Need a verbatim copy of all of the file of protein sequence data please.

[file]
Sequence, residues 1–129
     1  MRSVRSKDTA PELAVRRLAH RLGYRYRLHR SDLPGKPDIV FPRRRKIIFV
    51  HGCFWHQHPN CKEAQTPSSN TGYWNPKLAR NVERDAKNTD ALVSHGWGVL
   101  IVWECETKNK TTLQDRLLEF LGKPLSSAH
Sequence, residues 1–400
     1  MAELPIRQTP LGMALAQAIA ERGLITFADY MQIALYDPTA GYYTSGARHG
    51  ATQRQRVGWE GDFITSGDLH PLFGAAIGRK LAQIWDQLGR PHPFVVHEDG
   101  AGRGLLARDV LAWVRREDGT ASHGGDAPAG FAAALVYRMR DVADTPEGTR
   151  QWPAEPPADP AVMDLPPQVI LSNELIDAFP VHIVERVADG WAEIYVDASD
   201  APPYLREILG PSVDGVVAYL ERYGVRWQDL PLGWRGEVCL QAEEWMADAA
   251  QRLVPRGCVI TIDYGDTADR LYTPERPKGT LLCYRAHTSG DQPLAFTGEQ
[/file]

Sequence, residues 1–129
     1  MRSVRSKDTA PELAVRRLAH RLGYRYRLHR SDLPGKPDIV FPRRRKIIFV
    51  HGCFWHQHPN CKEAQTPSSN TGYWNPKLAR NVERDAKNTD ALVSHGWGVL
   101  IVWECETKNK TTLQDRLLEF LGKPLSSAH
Sequence, residues 1–400
     1  MAELPIRQTP LGMALAQAIA ERGLITFADY MQIALYDPTA GYYTSGARHG
    51  ATQRQRVGWE GDFITSGDLH PLFGAAIGRK LAQIWDQLGR PHPFVVHEDG
   101  AGRGLLARDV LAWVRREDGT ASHGGDAPAG FAAALVYRMR DVADTPEGTR
   151  QWPAEPPADP AVMDLPPQVI LSNELIDAFP VHIVERVADG WAEIYVDASD
   201  APPYLREILG PSVDGVVAYL ERYGVRWQDL PLGWRGEVCL QAEEWMADAA
   251  QRLVPRGCVI TIDYGDTADR LYTPERPKGT LLCYRAHTSG DQPLAFTGEQ